A student’s uncertainty about whether there will be a need to drop or add classes during the early days of a new semester adds to the reluctance to committing to buy textbooks.
“Textbooks are expensive,” junior Jessica Lays Santos said. “I know God is the source, but I can only work 15 hours.”
There is a saying that half of a student’s education in college happens outside the classroom; for freshman Kat Biang, this could not be more true. She learned quickly to find an effective alternative to save money on her course textbooks. Biang revealed that for this semester, she did not spend a single dollar on textbooks after learning about other alternatives.
Biang’s secret is networking and her understanding of I-Share, the shared Illinois academic library database. “As soon as I registered for classes, I began searching for my required textbooks on I-share,” she said.
What Biang could not find there, she borrowed from students who had already taken the class. “The best time to start getting textbooks is during finals week,” she said. Her reasoning is that is when students begin packing for the break, they will be looking to give up their old textbooks.
There are a multitude of ways for students to find books at affordable prices. One of the easiest ways to find cheap books is on the Internet. Sophomore Conner Matusek said simply typing “cheap books” into a search engine revealed gems in textbook hunting. Yet with the fear of cyber crime, tried and tested websites such as Amazon, Abe Books, Valore Books, Chegg and Book Buy are often the best place to find textbooks.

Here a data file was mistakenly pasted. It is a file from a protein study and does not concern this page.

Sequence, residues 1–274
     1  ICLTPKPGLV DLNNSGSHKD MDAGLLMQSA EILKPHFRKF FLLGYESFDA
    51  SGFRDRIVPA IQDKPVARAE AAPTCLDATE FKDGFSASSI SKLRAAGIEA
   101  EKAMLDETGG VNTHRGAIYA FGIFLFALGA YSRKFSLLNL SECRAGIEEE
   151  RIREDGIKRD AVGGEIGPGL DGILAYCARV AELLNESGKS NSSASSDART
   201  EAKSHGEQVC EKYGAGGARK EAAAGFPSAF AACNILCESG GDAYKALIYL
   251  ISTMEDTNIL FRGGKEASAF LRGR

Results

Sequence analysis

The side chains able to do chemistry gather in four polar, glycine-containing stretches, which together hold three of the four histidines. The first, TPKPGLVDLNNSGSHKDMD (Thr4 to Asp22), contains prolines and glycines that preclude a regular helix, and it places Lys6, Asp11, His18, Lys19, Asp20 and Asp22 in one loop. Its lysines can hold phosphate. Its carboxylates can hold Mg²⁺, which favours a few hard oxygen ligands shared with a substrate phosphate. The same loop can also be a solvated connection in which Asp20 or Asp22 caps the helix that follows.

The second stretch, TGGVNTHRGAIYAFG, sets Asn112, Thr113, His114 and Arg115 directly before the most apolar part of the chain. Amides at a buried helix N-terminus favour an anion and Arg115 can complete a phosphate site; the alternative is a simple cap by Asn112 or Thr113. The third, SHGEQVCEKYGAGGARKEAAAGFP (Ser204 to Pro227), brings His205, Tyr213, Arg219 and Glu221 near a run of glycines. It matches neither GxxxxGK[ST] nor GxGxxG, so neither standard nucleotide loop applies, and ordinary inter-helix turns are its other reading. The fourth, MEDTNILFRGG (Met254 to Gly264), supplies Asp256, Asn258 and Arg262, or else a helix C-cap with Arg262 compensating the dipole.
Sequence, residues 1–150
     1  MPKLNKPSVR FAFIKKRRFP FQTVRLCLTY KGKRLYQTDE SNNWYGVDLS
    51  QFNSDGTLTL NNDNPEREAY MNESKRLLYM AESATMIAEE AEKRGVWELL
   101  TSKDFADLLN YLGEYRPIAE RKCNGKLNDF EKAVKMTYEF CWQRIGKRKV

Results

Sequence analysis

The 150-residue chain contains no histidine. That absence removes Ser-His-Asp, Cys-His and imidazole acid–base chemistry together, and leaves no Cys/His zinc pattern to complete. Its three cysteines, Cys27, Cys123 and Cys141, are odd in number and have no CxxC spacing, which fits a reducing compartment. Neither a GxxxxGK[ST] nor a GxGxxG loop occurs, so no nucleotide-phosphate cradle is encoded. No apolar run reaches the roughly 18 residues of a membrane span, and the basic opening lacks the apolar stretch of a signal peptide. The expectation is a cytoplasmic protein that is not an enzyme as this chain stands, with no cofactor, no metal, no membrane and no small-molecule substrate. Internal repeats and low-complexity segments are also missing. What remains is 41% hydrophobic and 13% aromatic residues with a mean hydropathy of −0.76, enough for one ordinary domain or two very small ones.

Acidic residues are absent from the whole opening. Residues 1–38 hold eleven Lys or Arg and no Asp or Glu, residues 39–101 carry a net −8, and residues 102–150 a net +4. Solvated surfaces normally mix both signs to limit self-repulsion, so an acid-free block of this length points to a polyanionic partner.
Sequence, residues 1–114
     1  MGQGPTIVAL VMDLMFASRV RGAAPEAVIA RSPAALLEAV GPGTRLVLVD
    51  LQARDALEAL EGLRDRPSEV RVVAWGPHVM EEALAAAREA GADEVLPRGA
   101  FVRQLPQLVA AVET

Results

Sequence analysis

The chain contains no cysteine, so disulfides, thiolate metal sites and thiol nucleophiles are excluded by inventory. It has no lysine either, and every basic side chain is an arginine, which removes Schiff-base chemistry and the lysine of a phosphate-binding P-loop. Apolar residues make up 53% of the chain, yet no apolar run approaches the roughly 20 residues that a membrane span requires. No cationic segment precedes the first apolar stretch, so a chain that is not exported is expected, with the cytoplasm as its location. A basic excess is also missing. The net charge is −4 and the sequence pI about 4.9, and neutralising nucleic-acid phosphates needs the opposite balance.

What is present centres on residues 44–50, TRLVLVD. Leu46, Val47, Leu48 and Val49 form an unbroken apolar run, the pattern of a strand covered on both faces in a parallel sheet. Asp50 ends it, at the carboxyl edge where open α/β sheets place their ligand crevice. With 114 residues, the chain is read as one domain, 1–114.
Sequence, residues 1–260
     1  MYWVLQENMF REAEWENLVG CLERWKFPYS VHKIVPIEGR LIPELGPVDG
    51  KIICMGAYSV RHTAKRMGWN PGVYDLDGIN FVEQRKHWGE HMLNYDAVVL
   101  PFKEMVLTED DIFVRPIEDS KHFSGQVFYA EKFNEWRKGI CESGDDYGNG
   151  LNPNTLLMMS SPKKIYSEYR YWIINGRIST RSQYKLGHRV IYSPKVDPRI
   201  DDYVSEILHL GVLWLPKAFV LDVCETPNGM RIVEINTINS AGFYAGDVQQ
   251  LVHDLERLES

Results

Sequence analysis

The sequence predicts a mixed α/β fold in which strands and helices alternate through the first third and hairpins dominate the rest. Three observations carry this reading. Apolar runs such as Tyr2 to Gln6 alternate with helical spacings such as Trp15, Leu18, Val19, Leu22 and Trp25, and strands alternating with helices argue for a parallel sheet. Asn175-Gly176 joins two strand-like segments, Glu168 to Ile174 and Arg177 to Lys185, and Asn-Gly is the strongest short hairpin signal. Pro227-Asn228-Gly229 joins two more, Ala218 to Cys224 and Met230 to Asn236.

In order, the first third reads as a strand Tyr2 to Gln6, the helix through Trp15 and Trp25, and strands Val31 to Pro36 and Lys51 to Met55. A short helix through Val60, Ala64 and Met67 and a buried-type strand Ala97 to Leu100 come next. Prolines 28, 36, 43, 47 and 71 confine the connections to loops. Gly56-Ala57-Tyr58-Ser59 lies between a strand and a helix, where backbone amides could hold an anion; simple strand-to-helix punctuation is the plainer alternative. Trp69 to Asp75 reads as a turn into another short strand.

Technological advances also mean that students no longer have to buy physical books. Instead they can buy electronic copies which not only save space and the environment, but they also are available almost immediately after they are ordered. A student should verify with the professor if the use of an electronic book is permitted.
Buying is only one option, and another is renting. It can still be expensive, though. Matusek said he has a friend who spent over $200 renting books.
Another concern with getting books over the Internet is that the books will not arrive in time for the first day of classes. On one junior’s first day of this semester, there were only two people in a class of sixteen who had received their textbooks for the course. Because students are expected to have required materials on the first day of classes, the professor set an exam for the first Friday that same week. All of the students in the class were forced to share the two books – an hour at a time – in order to study for the exam.
However, not all professors enforce this rule strictly. Many realize the financial complications of acquiring textbooks and try to work around it. Some professors lend textbooks at the beginning of the semester to give students time to purchase them, while other professors will let students use an older edition of a textbook.
Getting textbooks is a rite of passage for all college students go through, but with some advance preparation and added flexibility from students and faculty, doing so won’t break the bank.